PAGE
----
Petitioner has filed a pro se Petition for Writ of Habeas Corpus asserting three grounds for relief. Respondent has answered the Petition, addressing both the question whether Petitioner has exhausted his state remedies pursuant to 28 U.S.C. section 2254(b), and the substantive merits of Petitioner's claims.
It has long been the rule that petitions containing claims regarding which the petitioner has not exhausted all of the remedies available to him in the state courts are dismissed, despite the presence of exhausted claims. Eg., Tart v. Massachusetts, 949 F.2d 490, 494 (1st Cir. 1991) (citing Rose v. Lundy, 455 U.S. 509, 513-21 (1982)) (other citations omitted). With the enactment of the Antiterrorism and Effective Death Penalty Act ["AEDPA"] in April, 1996, certain exceptions were created to this rule. Unexhausted petitions may now be denied on the merits if they fail to raise a federal claim. 28 U.S.C. § 2254(b)(2); Liegakos v. Cook, 106 F.3d 1381, 1388 (7th Cir. 1997).
These petitions may also be addressed on the merits if presenting the claims to the state court would be futile, either because a state procedural rule would bar the attempt, or because the state court has already pronounced a rule contrary to the petitioner's argument. 28 U.S.C. § 2254(b)(1)(B); Lindh v. Murphy, 521 U.S. 320, 340 n.2 (1997) (state procedural default); Lynce v. Mathis, 519 U.S. 433, 436 n.4 (1997) (contrary state decision); see also, Adelson v. DiPaola, 131 F.3d 259 (1st Cir. 1997) (exceptions to the exhaustion requirement include "where exhaustion plainly would be futile or where the state has waived the requirement").
In this case, Petitioner has set forth three claims for relief, one of which was raised in a petition for state post-conviction review that was dismissed without prejudice. The claim raises the question whether Petitioner received effective assistance of counsel in the underlying criminal matter, which issue could not be clearly foreclosed by state court decisions addressing other factual scenarios. Nor is the claim procedurally barred in the state court: Petitioner's limitations period will not expire until June 1, 1999, or one year after the denial of his direct appeal. 15 M.R.S.A. § 2128(5)(A). There is no question, of course, that the right to the effective assistance of counsel arises under the federal constitution. Strickland v. Washington, 466 U.S. 668, 687 (1984).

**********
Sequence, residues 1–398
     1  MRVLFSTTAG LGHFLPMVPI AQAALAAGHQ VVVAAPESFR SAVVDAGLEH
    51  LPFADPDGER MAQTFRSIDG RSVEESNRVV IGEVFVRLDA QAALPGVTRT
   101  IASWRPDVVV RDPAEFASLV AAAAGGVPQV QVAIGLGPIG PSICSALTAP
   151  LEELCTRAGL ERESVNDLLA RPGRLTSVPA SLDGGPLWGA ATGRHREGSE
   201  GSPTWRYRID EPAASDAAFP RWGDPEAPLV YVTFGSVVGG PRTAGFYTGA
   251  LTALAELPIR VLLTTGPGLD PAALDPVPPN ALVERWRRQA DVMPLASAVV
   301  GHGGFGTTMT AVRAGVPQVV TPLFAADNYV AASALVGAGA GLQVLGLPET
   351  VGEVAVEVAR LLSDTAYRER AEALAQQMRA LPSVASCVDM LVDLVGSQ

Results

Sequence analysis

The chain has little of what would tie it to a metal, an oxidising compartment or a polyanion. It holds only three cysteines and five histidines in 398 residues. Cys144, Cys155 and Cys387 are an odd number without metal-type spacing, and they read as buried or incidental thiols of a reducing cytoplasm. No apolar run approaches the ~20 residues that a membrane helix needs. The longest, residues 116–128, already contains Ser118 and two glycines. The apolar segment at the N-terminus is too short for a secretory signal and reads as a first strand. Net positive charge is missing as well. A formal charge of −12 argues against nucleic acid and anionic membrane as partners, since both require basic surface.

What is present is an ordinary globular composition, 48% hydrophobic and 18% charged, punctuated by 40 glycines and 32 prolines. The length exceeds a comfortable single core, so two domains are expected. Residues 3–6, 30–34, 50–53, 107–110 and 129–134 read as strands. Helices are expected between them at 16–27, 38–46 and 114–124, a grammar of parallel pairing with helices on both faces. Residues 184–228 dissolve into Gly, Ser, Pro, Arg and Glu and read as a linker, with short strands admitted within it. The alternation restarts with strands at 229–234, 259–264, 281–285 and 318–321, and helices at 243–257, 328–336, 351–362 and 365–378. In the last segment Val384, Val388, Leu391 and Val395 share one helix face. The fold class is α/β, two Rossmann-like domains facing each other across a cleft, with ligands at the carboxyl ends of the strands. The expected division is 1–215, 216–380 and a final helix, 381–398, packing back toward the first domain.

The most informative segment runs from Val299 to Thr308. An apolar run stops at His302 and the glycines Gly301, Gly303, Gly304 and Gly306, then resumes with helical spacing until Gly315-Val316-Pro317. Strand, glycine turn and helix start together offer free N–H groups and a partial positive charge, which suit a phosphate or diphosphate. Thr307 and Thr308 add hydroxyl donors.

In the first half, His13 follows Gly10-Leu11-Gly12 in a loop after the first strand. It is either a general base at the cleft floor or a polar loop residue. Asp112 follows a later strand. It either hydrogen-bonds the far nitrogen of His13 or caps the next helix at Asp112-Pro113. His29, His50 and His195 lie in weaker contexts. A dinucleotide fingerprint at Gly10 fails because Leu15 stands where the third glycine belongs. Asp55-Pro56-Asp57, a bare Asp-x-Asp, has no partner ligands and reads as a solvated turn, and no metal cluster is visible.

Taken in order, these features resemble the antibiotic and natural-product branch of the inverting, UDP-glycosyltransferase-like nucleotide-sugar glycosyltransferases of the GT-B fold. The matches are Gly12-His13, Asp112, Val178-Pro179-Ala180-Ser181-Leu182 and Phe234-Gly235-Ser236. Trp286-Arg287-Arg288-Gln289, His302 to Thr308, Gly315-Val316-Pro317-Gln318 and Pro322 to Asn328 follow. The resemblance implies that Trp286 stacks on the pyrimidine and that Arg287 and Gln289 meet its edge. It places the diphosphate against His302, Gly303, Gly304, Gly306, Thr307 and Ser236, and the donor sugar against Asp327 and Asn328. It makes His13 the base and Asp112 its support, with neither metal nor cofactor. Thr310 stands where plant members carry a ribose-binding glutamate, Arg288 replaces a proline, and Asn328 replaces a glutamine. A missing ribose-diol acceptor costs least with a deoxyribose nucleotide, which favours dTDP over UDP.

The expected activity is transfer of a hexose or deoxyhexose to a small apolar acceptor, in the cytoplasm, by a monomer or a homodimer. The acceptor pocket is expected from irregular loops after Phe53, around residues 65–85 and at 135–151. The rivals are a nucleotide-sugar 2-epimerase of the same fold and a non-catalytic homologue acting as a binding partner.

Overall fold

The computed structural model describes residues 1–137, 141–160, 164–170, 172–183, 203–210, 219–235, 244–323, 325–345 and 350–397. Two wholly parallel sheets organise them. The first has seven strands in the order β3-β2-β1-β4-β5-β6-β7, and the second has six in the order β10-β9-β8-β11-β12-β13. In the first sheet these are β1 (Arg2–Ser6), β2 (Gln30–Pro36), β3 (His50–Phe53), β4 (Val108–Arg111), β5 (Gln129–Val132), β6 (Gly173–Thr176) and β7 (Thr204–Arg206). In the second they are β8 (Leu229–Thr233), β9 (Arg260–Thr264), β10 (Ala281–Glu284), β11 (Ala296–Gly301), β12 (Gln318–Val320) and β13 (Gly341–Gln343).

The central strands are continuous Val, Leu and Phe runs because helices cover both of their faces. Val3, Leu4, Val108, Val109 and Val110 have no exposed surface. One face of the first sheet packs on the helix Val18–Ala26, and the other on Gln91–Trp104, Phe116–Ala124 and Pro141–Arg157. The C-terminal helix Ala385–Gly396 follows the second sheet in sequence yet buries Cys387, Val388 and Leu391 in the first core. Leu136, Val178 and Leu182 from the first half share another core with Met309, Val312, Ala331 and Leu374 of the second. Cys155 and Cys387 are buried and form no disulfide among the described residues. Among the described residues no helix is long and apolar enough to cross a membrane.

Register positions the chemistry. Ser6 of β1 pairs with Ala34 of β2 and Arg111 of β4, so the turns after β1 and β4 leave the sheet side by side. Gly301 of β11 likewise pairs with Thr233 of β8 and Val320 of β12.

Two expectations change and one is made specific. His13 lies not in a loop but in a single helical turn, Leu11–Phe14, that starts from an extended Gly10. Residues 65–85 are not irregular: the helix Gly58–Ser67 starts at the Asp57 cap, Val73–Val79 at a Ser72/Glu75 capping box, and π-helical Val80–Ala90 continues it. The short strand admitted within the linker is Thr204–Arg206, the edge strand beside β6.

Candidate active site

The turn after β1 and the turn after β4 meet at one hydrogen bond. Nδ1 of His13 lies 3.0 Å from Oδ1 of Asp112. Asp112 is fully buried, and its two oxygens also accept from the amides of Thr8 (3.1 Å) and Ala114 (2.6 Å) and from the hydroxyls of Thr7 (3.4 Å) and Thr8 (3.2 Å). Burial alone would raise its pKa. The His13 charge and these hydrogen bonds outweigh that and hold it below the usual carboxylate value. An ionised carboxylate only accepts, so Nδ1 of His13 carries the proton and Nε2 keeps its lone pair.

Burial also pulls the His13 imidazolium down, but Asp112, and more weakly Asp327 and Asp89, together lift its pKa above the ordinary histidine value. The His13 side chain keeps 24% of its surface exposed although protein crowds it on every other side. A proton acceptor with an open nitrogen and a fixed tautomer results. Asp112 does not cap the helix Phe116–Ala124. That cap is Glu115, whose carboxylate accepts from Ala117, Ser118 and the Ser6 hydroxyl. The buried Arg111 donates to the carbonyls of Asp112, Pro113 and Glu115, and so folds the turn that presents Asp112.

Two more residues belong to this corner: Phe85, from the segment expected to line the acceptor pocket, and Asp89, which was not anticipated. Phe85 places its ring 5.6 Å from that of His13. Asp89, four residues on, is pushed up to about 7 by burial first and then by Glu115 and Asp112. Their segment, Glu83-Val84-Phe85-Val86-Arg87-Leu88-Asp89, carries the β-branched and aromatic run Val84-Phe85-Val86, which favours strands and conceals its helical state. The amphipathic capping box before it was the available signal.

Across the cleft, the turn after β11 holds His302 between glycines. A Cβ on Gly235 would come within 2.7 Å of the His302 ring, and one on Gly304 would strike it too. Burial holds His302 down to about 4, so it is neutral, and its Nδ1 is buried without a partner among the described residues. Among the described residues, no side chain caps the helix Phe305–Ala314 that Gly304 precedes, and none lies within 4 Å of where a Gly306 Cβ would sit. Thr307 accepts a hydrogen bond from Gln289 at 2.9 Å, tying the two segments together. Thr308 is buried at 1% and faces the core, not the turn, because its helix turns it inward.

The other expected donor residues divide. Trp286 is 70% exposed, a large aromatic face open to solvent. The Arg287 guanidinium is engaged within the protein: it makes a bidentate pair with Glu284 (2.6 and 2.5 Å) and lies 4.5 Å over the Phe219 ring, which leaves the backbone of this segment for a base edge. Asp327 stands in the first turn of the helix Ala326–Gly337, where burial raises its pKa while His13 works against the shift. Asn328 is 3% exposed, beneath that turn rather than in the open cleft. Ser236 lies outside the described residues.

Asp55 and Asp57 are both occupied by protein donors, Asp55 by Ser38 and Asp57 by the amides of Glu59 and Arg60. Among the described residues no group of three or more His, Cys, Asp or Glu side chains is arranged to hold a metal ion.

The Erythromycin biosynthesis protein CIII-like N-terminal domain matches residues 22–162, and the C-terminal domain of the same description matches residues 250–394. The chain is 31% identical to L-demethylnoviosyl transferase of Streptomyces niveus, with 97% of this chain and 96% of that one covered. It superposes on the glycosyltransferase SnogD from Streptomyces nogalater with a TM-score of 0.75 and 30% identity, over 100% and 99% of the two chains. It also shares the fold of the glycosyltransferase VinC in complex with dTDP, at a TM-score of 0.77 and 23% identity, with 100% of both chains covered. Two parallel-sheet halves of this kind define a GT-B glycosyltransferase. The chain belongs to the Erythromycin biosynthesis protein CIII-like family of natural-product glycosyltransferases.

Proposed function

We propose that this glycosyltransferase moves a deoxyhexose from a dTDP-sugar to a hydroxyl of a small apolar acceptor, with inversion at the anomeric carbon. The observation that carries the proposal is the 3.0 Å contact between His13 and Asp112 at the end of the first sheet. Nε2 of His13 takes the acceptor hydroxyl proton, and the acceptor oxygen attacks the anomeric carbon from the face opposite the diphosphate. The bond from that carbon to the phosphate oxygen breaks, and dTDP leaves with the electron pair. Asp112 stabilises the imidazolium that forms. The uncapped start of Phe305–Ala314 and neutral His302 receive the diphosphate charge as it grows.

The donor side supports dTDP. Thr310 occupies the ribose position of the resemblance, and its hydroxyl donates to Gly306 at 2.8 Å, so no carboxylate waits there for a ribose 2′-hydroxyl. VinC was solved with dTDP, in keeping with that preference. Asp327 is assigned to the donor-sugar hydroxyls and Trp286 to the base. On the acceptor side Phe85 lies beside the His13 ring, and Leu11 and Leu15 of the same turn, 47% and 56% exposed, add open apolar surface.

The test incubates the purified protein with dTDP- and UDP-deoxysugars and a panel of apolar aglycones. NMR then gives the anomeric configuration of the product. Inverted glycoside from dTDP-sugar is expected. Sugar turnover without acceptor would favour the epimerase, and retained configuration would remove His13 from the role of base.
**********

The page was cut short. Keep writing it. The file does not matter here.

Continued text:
It is true that Petitioner set forth the ineffective assistance of counsel as the reason why he procedurally defaulted one of the two other claims raised in the Petition, rather than as a separate, independent claim. It has long been the law, however, that ineffective assistance may be raised as cause for a procedural default only if it has been independently exhausted before the state courts. Murray v. Carrier, 477 U.S. 478, 489 (1986). Because Petitioner's claim for ineffective assistance of counsel has not been exhausted and does not fall into one of the exceptions discussed above, the Petition is properly dismissed in its entirety. Adelson, 131 F.3d at 261.
For the foregoing reasons, I hereby recommend the Petition for Writ of Habeas Corpus be DISMISSED for Petitioner's failure to exhaust his state remedies pursuant to 28 U.S.C. § 2254(b).
A party may file objections to those specified portions of a magistrate judge's report or proposed findings or recommended decisions entered pursuant to 28 U.S.C. § 636(b)(1)(B) (1988) for which de novo review by the district court is sought, together with a supporting memorandum, within ten (10) days of being served with a copy thereof. A responsive memorandum shall be filed within ten (10) days after the filing of the objection.
Failure to file a timely objection shall constitute a waiver of the right to de novo review by the district court and to appeal the district court's order.
Dated on April 26, 1999.